Discounted meals and cheaper cab rides will be offered to customers who get a Covid-19 jab, as part of a government-led attempt to boost the uptake of vaccines.
Uber, Bolt, Deliveroo and Pizza Pilgrims are among the brands that will offer incentives to encourage young people to get vaccinated.
Almost 3 million under-30s are yet to receive a first COVID vaccine dose.
“It really is, for us, just the right thing to do”, Gavin Smith, director at Pizza Pilgrims, told Sky News.
The London-based restaurant chain is hoping to convert two sites into pop-up vaccination centres, where unprotected customers will receive a free slice of pizza if they get a jab.
“If that is the difference for somebody, who is tight on time, to come and get their jab, then we’re happy to give them a slice of pizza when they’ve had their jab”, Mr Smith said, revealing that 70% of his staff who are younger than 26 are yet to be fully vaccinated.
“This is to encourage as many of our young employees, as much as the general population, to get their jab”, he said.
The Department of Health and Social Care (DHSC) said taxi app firm Uber will be sending reminders to all users in August encouraging them to get jabbed.
The company will offer discounted journeys for young adults who receive a vaccine, as well as cheaper meals on its food delivery platform, Uber Eats.
Bolt, another ride-hailing app, will offer “free ride credit” to vaccination centres following a similar scheme earlier this year when it offered £250,000 worth of free rides to London vaccination facilities.
Deliveroo will give vouchers to young people who get jabbed.
A spokesman said: “We want to do our small part to support the NHS during the pandemic, including delivering a million free meals to frontline NHS staff and vaccine centres. This is the next step in helping people get vaccinated and safely back to normal.”
Health Secretary Sajid Javid urged people to “take advantage of the discounts” and thanked the businesses involved for “stepping up”.
Vaccines minister Nadhim Zahawi said there was “strong enthusiasm” among young people so far to get vaccinated, adding: “Please get your jabs as soon as you can and grab a bargain.”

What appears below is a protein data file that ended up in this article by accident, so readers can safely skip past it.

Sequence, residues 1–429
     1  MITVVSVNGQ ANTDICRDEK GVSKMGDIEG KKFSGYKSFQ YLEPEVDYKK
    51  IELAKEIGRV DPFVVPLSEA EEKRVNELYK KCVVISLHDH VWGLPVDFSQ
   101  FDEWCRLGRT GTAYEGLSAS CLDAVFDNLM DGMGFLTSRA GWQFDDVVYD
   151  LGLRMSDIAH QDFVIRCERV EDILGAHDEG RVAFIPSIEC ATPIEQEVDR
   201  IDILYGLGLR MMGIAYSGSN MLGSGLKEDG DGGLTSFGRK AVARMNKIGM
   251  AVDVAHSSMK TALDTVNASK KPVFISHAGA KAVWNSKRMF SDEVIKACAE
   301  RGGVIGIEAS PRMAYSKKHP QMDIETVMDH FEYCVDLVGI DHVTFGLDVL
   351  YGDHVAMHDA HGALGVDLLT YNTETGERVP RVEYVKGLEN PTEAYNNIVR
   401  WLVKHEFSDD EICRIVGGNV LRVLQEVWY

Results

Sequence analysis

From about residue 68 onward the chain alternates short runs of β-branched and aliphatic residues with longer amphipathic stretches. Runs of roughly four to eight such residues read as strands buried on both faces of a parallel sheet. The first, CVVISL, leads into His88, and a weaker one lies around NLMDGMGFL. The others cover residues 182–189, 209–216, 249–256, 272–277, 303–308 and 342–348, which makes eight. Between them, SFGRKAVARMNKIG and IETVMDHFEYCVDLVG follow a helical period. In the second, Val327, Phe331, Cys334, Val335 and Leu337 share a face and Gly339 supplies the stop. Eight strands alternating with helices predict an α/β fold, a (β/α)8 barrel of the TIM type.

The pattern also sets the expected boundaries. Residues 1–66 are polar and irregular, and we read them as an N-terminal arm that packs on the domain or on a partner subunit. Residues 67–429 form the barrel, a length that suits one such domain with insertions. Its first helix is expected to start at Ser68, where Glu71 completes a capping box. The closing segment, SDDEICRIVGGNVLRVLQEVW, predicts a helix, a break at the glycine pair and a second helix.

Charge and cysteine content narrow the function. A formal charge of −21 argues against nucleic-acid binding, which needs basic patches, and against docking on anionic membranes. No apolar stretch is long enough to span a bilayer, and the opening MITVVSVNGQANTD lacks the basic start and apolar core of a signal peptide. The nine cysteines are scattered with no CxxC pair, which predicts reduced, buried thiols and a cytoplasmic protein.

But some scientists fear the scheme could backfire due to confusing government messaging.
The positive incentives follow suggestions from ministers that university students may need to be fully vaccinated against coronavirus to attend lectures.
“I think you could easily alienate people” Professor Lawrence Young, a specialist in viral oncology at Warwick Medical School, told Sky News.
“What we’ve got to do, I think, is have much better messaging to younger folk about the benefits of vaccination for them personally and the people around them.
“What I don’t understand is why aren’t we being more proactive with social media and with the various celebrities that the 18 to 30-year-olds will perhaps respond to better?”
DHSC said further details on partnerships will be released “in due course” and other incentives “could include vouchers or discount codes for people attending pop-up vaccine sites and booking though the NHS, social media competitions and promotional offers for restaurants”.
The government added: “Companies will not ask for or hold any health data for the incentive scheme.”
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Up to 30 July, 46,811,298 people in the UK have had a first coronavirus vaccine, with 38,126,702 double jabbed.
This means about 88.5% of adults had at least one jab, and 72.1% had two.
Currently, around 67% of 18 to 29-year-olds have had at least a single injection, according to DHSC.